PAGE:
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Olympus - 3 new lenses


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#21 Brightcolours

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Posted 13 September 2016 - 07:06 AM

I have nothing against MFT (except that personally I do not like the 4:3 aspect ratio and EEVFs).

 

f1.2 of this lens does not allow for shooting in lower light conditions than f2.4 on FF. One can change ISO settings and the exposure times will be similar. Lens equivalence is not that hard to understand.

 

Dissing is a word used by wannabe rapper youth, isn't it? I am critical of silly products, like a very expensive 25mm f1.2 lens which is nothing more than what a 25mm f2.4 lens would be on full frame 135 format. Simply for the price it will have (based on what the 25mm f1.8 costs). I am similarly critical of lenses like the Meyer Optic 100mm f2.8 for instance, for which they ask @1500. For a 100mm f2.8 FF lens. Or the silly prices they ask for the Zeiss 55mm f1.4 Otus. Or the Nikkor AF-S 58mm f1.4 (very high price for what is a pretty simple lens).



#22 Klaus

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Posted 13 September 2016 - 01:38 PM

I think MFT is mostly awesome. The vast majority of their lenses make perfect sense. However, everything faster than f/1.4 is beyond my understanding really. That's when the costs increase exponentially in order to achieve a gain in capabilities that are a magnitude cheaper to achieve on other systems.

However, that's just my personal opinion and an opinion is simply not relevant for the rest of the world (well, mostly).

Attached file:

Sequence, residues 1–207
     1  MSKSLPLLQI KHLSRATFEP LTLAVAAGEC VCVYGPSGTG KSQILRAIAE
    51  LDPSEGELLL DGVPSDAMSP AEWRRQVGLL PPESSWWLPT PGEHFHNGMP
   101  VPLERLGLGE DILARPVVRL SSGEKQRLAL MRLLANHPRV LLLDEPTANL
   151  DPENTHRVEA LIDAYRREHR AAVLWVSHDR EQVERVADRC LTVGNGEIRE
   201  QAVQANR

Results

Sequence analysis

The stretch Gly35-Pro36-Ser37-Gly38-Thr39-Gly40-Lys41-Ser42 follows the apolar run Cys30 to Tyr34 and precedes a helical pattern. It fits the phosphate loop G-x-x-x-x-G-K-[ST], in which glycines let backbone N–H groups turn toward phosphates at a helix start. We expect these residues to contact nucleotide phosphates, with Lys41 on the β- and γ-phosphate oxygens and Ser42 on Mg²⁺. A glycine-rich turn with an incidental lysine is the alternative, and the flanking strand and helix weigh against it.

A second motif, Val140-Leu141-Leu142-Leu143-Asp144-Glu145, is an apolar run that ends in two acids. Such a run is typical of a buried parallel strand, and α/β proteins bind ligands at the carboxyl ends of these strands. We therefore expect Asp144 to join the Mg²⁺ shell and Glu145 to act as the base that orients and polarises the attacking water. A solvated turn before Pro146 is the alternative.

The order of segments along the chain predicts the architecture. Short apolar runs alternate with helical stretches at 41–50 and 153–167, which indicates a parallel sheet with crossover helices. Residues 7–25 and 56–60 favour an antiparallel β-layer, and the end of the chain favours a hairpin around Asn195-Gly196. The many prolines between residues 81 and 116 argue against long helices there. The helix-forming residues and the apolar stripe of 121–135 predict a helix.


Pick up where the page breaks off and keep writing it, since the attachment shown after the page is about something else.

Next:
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#23 toni-a

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Posted 13 September 2016 - 01:50 PM

The reason that a fast 25 mm for MFT is hard to make is because of tolernaces, which have to be much higher than for equivaalent lenses on FF. In addition there is the small size, and having to fit everything together within the space constraints of the smaller size, indeed.

 

There is no 30 mm F/1.6 lens for APS-C, F/1.4, yes, and that is a 3rd party lens, not OEM. Still not F/1.2. F/1.2 lenses are by definition harder to make, and that is regardless of sensor size to start with. It may be equivalent to a less fast lens, but for design and manufacturing purposes it still is an F/1.2 lens.

 

Neither is this a contrived case. An F/1.2 lens will allow you to shoot in less illuminated circumstances than an F/1.8 or F/2 lens, regardless of the system, whether the equivalence is the same or not.

 

I am getting tired of this equivalence rhetoric whenever anybody mentions anything related to MFT. That is only useful when trying to compare apples and pears, and you yourself rarely if ever do this when comparing APS-C with FF - I subject that that is because you own both APS-C and FF cameras. In the end it is what works for you, no need to diss everyhting else. Everything else may work for others for different reasons.